It was a strong start for the United States in the quest to regain the Ryder Cup, with the host team roaring out to 6-2 lead over Europe after Friday's competition in front of a boisterous crowd at a wind-swept Whistling Straits along the shore of Lake Michigan in Sheboygan, Wis.

Already, the Americans seemed to have accomplished so much.

"This is a great start, but the job's not over," U.S. golfer Bryson DeChambeau said. "We have two more days, a lot more golf, and we cannot lose our mindset."

The United States started the three-day event by becoming just the eighth team with a lead of four or more points after the opening day. Only one of those previous seven teams -- Europe in 1999 -- failed to win the biennial event.

It was the largest Ryder Cup lead after the opening day in 46 years when the U.S. led by five in 1975.

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The U.S. team won three points in the morning and repeated that in the afternoon.

"We're trying to do that in every session," U.S. captain Steve Stricker said. "Just win the session. But when you can get off to that good a start it's definitely a bonus and have momentum on our side."

The U.S. team of Dustin Johnson and Xander Schauffele topped Paul Casey of England and Bernd Wiesberger of Austria 2 and 1 for the first afternoon point in four-ball matches to highlight a dominating day.

Harris English -- playing in a team event for the first time in 10 years -- and Tony Finau added to the U.S. lead, taking a point from Rory McIlroy of Northern Ireland and Shane Lowry of Ireland with a 4 and 3 decision.

"I love pressure," Finau said. "You have to in Ryder Cup situations. I have a great time in these atmospheres."

A significant boost for the U.S. team came from Justin Thomas and Patrick Cantlay in the final match of what was nearly a 12-hour day. They were down three after eight holes against Tommy Fleetwood of England and Viktor Hovland of Norway, but never lost another hole, pulled even at No. 16 and earned the half point for a tie that resonated like a victory.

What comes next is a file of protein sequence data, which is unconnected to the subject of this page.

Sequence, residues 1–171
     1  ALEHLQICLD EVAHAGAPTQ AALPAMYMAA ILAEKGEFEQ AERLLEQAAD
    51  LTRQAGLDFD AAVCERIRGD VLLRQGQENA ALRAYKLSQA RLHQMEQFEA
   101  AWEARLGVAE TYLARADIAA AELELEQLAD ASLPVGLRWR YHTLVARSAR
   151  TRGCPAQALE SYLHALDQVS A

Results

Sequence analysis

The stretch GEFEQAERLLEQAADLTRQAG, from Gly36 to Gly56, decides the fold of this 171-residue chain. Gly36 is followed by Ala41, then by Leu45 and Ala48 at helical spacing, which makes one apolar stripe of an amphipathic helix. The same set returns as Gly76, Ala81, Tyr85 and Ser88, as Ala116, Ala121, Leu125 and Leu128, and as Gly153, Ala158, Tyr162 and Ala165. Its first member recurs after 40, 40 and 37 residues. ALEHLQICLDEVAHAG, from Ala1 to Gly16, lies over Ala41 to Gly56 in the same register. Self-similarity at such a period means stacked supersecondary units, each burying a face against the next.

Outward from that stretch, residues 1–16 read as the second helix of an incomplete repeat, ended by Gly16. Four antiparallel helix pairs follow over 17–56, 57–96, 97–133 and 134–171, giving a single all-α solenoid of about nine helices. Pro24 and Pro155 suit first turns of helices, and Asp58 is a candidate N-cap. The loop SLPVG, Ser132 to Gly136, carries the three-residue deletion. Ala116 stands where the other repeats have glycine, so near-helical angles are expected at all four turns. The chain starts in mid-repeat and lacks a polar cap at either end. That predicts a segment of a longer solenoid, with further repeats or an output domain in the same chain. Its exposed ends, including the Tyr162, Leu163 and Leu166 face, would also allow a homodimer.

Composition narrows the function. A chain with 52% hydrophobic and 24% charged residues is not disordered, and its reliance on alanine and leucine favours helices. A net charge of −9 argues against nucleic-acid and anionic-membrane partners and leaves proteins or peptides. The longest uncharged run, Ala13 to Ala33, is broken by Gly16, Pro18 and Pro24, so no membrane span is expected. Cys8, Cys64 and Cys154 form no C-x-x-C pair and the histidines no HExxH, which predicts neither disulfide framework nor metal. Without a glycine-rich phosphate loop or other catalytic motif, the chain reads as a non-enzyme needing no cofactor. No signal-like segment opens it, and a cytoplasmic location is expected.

The U.S. needs to reach 14 1/2 points to recapture the Ryder Cup after Europe won in 2018. This current event was postponed from 2020 because of the COVID-19 pandemic.

The putting of Spain's Jon Rahm was about the only thing that saved the European side from a larger deficit. The world's No. 1 ranked player ended up earning 1 1/2 of Europe's two points on the day. Rahm and Tyrrell Hatton of England earned a tie with Scottie Scheffler and Bryson DeChambeau in the afternoon four-ball matches when Hatton made a birdie putt on the final hole.

Still, the Europeans rarely gained much traction.

"We stuck to the plan," European captain Padraig Harrington said, referring to his decision on afternoon pairings.

The United States' impressive showing in the afternoon came after a strong showing in the morning alternate-shot matches.

Johnson and Collin Morikawa earned a 3 and 2 victory against Casey and Hovland before Cantlay and Schauffele completed a 5 and 3 rout of McIlroy and Ian Poulter of England.

"I don't know if anybody could have beat Xander and Patrick today," McIlroy said. "They played great -- four birdies in a row. All you can do is praise them for the way they played."

The U.S. team kept its lead when the morning matches wrapped up with Brooks Koepka and Daniel Berger defeating England's Lee Westwood and Matt Fitzpatrick 2 and 1.

Europe was on top only briefly when Rahm and Sergio Garcia of Spain topped Thomas and Jordan Spieth 3 and 1.

Spieth managed to deliver the shot of the day in the loss with a chip up a steep embankment to set up a par putt at 17. Spieth lost his balance in the process and stumbled toward the lake before stopping his momentum. But his effort was not rewarded when Thomas missed the short putt as Rahm and Garcia wrapped up the match.

"Once I started moving, I was like, ‘I've got to keep moving until I find a flat spot,'" Spieth said.